More than once in this blog I have mentioned that I am a nerd, something in which I take great pride as an adult. Nerdy is the new cool now, but I can vividly remember a time in my life when that was not the case. As a junior high girl in a small Lutheran school, I spent my days constantly feeling like the proverbial round peg in a square hole. I wasn’t thin. I had glasses nearly the size of my head and braces with headgear for nighttime. I loved Star Trek, SeaQuest, Sherlock Holmes, writing fictional stories and reading books over listening to music, none of which were interests much shared by my peers.
I tried hard to fit in, to make myself something closer to what I thought was “cool”. In fact, I spent most of my adolescence striving for an ideal in my head that was going to get me the friends, the boyfriends, the acceptance that I so desperately wanted. It wasn’t until I was in college that I learned to stop trying so hard and just be myself. It took a few years, but I began to take joy in the way God created me. Over time I found myself with the friends and the acceptance I had worked so hard to find, not in spite of myself, but because I was myself. Yet even now, when I think back to those years, the feelings of unacceptance and ugliness are still sharp in my mind, unfaded with time.
I’ve been thinking about my Junior High obsession with being accepted a lot since I heard about a new trend in which young girls (and a few boys) from ages 11-14 post videos on YouTube asking people to give their honest opinion about their looks. These “Am I Ugly?” videos are getting millions of hits. In one example, a girl who is 12 or 13 says, “I just wanted to make a random video seeing if I was, like, ugly or not because of lot of people call me ugly and I think I am ugly and fat.” She then shows a slideshow of photographs of herself and concludes with the question, “So yeah, tell me what you think.”
These girls are not looking for honesty. They are looking for affirmation of their value. Those who work with teens are not surprised to find that researchers have found that after age nine, a girl’s body image plummets. Fifty-nine percent of girls from fifth through twelfth grade are dissatisfied with their physical appearance. The internet is just another venue for teens to struggle with these image issues. They look for affirmation from YouTube commenters and from pictures posted on Facebook. Along with its many positive benefits, the internet also gives girls with negative body images access to a constant string of “inspirational” digitally altered images, images that they can never actually live up to. It is not surprising that these teens are trying to gain acceptance and rid themselves of body image issues in this kind of forum.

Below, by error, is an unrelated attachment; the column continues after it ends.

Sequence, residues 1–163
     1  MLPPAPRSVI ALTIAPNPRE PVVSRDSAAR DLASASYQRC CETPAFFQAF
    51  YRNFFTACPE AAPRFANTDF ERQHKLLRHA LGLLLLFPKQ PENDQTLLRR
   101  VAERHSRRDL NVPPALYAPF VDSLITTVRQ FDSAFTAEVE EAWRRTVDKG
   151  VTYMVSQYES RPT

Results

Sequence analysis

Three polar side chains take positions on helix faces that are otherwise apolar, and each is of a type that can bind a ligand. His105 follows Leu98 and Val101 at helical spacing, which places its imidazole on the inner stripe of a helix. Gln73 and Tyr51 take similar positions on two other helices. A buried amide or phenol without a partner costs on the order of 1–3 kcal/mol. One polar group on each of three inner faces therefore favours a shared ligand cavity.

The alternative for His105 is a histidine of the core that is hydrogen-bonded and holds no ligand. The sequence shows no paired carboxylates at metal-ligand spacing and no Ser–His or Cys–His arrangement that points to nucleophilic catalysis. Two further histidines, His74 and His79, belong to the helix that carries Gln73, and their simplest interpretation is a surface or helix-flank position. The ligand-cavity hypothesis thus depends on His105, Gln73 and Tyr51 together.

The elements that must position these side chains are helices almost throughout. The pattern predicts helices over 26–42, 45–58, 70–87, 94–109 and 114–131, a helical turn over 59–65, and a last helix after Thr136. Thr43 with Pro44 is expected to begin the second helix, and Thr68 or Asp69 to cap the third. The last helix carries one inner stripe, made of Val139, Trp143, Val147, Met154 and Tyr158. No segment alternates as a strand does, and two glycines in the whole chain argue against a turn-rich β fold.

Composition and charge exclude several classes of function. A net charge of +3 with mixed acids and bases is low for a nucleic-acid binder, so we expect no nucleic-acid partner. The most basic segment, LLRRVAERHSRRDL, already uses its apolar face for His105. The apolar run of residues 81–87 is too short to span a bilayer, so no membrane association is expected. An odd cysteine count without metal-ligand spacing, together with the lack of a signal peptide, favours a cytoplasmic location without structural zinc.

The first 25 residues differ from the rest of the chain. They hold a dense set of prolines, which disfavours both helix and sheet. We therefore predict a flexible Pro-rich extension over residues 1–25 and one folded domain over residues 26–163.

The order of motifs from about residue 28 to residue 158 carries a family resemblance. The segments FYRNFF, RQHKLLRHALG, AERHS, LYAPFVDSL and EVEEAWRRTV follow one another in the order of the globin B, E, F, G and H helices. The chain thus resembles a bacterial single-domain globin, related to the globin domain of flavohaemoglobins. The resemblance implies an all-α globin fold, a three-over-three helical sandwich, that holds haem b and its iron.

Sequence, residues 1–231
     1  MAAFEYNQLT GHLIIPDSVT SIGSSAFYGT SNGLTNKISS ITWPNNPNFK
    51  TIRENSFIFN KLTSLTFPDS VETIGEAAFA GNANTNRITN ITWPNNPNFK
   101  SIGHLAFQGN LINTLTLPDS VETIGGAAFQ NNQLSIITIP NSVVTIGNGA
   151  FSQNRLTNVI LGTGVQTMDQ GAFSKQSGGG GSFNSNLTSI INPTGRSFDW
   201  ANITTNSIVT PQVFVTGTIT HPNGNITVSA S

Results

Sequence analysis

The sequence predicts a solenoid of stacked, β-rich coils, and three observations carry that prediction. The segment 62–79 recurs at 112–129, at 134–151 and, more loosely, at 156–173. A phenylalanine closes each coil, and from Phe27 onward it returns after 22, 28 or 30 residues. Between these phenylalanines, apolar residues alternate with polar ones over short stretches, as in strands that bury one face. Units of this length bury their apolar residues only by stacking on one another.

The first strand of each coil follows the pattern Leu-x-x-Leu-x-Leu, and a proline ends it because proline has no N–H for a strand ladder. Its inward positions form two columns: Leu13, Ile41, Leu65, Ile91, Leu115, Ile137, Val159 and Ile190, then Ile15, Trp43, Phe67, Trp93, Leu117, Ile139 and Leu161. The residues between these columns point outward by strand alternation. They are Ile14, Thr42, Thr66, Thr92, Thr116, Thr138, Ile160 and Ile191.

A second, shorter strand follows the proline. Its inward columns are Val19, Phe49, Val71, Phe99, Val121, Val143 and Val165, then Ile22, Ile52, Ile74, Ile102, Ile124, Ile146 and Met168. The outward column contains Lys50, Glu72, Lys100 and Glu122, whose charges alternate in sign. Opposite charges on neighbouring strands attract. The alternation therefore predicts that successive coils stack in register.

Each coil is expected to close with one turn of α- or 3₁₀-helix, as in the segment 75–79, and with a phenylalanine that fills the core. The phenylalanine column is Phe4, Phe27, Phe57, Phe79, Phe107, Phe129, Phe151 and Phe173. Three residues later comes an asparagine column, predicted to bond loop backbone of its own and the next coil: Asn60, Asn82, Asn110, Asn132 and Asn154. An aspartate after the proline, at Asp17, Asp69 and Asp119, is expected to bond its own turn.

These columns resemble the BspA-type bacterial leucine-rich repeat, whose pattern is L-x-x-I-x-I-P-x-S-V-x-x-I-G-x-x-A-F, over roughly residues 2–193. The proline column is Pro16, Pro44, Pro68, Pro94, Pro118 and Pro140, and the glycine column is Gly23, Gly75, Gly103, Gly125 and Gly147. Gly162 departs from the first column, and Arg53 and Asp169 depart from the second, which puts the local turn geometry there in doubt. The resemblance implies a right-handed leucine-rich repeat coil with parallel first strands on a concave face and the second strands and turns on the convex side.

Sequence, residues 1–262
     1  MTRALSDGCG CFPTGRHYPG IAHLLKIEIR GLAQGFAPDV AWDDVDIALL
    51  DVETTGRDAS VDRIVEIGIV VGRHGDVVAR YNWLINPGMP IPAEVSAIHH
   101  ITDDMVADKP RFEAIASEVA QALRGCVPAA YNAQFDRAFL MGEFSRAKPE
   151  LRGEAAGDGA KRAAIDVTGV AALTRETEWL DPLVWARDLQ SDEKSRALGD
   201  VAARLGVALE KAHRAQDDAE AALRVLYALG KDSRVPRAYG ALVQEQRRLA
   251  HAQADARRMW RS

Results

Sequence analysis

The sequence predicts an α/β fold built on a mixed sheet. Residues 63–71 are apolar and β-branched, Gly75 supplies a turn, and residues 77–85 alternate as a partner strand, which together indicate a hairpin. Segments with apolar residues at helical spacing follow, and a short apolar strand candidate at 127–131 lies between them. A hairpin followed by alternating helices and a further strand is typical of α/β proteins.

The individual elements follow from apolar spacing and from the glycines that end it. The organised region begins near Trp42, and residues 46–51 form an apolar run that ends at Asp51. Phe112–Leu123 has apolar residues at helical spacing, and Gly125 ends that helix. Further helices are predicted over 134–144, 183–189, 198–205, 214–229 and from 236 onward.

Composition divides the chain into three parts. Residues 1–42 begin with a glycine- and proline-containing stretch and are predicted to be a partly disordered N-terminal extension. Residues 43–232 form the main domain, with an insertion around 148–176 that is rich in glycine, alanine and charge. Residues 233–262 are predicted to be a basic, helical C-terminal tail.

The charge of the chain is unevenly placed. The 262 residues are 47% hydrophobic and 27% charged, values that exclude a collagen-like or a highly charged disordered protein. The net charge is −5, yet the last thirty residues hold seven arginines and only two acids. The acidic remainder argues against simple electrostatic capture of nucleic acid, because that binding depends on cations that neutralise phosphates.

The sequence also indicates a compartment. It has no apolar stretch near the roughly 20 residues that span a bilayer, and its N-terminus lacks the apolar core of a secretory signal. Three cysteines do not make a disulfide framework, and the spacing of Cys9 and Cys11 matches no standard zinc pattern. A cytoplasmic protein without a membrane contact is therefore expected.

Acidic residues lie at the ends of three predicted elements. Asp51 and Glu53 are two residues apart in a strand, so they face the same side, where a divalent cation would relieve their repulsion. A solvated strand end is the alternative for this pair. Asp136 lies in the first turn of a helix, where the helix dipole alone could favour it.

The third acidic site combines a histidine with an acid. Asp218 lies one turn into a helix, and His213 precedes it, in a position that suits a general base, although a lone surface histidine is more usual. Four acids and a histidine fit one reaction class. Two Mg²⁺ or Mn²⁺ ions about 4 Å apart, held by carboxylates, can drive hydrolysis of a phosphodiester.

The responses they have been getting are incredibly varied. Some comments show support for the teens and encourage them not to look to YouTube for value in their bodies. Other people have preyed on these students by posting horribly negative and hurtful things. I do not think that teens of their age are prepared to deal with the number of people who have chosen to degrade them even more. If what they are truly seeking is affirmation, and what they receive is angry, hateful blasting by internet trolls, then they are going to take these comments to heart. The damage caused may be permanent and can open them up to risky behavior, including making them vulnerable to predators.
I don’t think I can ever say enough that parents need to know what their teens are doing and posting on the internet. Teens below the age of 13 are legally unable to upload YouTube videos, and parents should help enforce that rule. They also need to take opportunities to talk with their kids about what they are posting and why. Debriefing what happens on the internet is key to helping students navigate these sites in a healthy and God pleasing way.
In an encouraging turn, many teens are making video responses to the “Am I Ugly?” videos to try to get their peers to reconsider posting these videos in the first place. This positive peer pressure may help teens think twice before they post their video. More than that, we need parents and youth workers to remind these young women and young men that they are made by a Creator who loves them unconditionally. God wants these young women to find their acceptance and their comfort in His love and His willingness to die on the cross for their sins. The more we can point our young people to finding their confidence in Christ, the more we will be able to counteract the messages the media, the internet and peers send to teens about who they are and what they should be.